In operation, the inverter/converter/controller 3210 may include a programmable logic controller, a processor, or programmable state machine that is controlled by the computer control system 3202 via link 3206. The controller 3210 can be programmed for various situations.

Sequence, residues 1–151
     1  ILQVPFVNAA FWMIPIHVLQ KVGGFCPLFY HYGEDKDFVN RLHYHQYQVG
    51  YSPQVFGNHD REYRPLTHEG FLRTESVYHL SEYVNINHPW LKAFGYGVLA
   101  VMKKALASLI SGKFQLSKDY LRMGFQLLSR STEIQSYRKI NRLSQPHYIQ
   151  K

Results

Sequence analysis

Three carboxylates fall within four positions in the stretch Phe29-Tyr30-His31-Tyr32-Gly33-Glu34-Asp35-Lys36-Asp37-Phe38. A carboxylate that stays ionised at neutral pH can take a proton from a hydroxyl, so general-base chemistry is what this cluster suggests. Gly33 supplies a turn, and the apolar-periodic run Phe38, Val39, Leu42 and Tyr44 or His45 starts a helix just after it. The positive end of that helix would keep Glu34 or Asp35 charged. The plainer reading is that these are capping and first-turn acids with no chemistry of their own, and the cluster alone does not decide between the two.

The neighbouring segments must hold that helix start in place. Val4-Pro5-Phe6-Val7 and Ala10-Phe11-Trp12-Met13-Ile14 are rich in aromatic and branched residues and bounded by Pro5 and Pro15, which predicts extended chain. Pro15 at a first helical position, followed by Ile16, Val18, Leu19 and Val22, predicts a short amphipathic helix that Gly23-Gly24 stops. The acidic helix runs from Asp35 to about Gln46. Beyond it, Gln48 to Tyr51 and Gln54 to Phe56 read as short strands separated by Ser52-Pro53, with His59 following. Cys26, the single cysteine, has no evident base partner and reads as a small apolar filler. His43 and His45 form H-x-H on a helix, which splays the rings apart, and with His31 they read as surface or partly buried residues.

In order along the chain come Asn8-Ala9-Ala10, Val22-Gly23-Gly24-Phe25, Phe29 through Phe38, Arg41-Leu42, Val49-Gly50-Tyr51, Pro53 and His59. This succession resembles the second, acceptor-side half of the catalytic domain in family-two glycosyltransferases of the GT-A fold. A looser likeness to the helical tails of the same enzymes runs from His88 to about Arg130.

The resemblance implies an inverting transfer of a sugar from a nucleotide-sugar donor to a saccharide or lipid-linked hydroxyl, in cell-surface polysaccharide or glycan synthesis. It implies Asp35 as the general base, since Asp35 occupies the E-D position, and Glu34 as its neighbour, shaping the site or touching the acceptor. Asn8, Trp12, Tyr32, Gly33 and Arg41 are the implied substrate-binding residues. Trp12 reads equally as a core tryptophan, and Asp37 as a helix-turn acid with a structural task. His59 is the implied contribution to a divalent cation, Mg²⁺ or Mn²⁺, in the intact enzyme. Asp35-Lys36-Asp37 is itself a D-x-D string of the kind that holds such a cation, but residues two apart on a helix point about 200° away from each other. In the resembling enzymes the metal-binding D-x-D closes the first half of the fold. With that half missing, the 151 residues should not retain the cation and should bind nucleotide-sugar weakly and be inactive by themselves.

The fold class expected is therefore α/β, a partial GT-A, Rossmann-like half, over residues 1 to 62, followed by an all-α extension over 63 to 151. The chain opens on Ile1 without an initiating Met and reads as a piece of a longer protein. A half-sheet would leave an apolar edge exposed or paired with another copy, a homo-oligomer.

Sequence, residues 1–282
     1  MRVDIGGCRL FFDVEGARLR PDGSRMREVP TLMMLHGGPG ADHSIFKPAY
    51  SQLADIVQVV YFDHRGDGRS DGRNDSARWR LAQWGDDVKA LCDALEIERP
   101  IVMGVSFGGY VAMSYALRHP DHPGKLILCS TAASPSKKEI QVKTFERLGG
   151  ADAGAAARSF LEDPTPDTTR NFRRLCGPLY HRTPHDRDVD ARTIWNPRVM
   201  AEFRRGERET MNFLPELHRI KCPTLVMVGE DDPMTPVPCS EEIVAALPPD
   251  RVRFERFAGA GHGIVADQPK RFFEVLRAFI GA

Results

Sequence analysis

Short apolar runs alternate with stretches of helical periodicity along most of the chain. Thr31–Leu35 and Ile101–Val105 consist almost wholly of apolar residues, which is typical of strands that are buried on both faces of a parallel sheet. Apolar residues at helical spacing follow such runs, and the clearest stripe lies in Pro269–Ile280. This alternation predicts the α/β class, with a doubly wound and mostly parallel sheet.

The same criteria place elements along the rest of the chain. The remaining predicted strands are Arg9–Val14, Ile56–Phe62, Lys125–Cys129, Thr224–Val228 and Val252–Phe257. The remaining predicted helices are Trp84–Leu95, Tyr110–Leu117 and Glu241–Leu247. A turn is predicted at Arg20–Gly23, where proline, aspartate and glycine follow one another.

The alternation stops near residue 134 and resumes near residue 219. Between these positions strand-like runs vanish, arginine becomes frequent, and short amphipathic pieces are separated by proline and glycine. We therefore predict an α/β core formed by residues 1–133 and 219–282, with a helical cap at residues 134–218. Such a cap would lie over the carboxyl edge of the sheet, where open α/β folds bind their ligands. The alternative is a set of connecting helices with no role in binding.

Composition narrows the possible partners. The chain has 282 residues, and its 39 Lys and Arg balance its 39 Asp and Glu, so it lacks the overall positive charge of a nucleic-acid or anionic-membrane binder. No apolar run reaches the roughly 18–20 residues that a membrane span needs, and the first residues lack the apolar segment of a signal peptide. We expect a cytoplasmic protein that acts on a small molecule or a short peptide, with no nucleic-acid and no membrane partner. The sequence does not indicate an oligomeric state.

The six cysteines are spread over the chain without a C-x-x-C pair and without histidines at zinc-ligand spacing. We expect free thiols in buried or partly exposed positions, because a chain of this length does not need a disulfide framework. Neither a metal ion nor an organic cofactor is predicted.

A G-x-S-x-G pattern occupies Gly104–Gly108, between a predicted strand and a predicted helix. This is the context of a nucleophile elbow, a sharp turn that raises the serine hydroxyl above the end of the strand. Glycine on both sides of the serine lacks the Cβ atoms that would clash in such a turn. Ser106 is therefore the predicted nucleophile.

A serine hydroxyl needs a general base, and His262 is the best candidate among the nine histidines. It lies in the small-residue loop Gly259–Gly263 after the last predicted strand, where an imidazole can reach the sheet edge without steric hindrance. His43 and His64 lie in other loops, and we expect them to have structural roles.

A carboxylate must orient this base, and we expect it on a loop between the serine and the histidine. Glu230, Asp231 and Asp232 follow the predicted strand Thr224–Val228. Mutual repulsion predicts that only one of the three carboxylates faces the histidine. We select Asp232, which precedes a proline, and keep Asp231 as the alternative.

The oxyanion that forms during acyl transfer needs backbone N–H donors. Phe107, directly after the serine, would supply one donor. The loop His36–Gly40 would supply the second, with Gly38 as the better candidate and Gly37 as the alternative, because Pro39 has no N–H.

In a first situation, the integrated power plant is not connected to the grid and operates as an independent integrated source of electrical energy to operate the local electrical devices and may also be used to provide clean water, as well as medical grade oxygen and hydrogen for various uses. In addition, the system may use mechanical pumps to pump water to water towers or other locations and therefore provide a source of pressurized water. The mechanical pumps, as disclosed above, can also be used to pump water to a higher elevation for later use in running the water turbine 3296. In this manner, energy from the wind turbine 3216 and the solar collectors 3220 can be stored for later use. The mechanical pumps can also be used for waste treatment and to assist and operate a sanitation plant, as an integrated self-sufficient system. As indicated above, desalination and purification systems are incorporated in the integrated power plant that provide desalination and/or purification of water that can be stored within the structure of the device to provide a clean source of water and an independent, substantially self-sufficient electrical power plant. In this instance, the controller 3210 can be programmed to first provide for the electrical requirements of the local electrical devices 3230 from the wind turbine 3216 and solar collectors 3220. The DC voltage provided by the solar collectors 3230 is inverted by the inverter portion of the inverter/converter/controller 3210. The inverter produces a 60 cycle, 220 volt RMS AC electrical signal 3228 that is applied to the local electrical devices 3230. The wind turbine 3216 includes a generator that generates an AC electrical signal 3218 that has a frequency which varies with the speed of the rotation of the rotor device. That AC electrical signal is converted to a DC signal either in the converter portion of inverter/converter/controller 3210 or in a converter mounted on the generator. The inverter portion of inverter/converter/controller 3210 then inverts that DC electrical signal into AC electrical signal 3228, which is applied to the local electrical devices 3230. If the requirements of the local electrical devices 3230 are less than the amount of power that is being supplied by wind turbine 3216 and/or solar collectors 3230, the excess energy can then be used to charge batteries 3212, as well as other functions, as described herein. Also, inverter/converter/controller 3210 receives the DC voltage from solar collectors 3222 and converts the DC power from the solar collectors to a DC voltage signal for recharging batteries 3212 or for performing electrolysis in electrolysis device 3252 or other functions. Similarly, the AC electrical signal 3218 from wind turbine 3216 can be converted to a DC signal having a proper voltage to charge batteries 3212, or for performing electrolysis in electrolysis device 3252.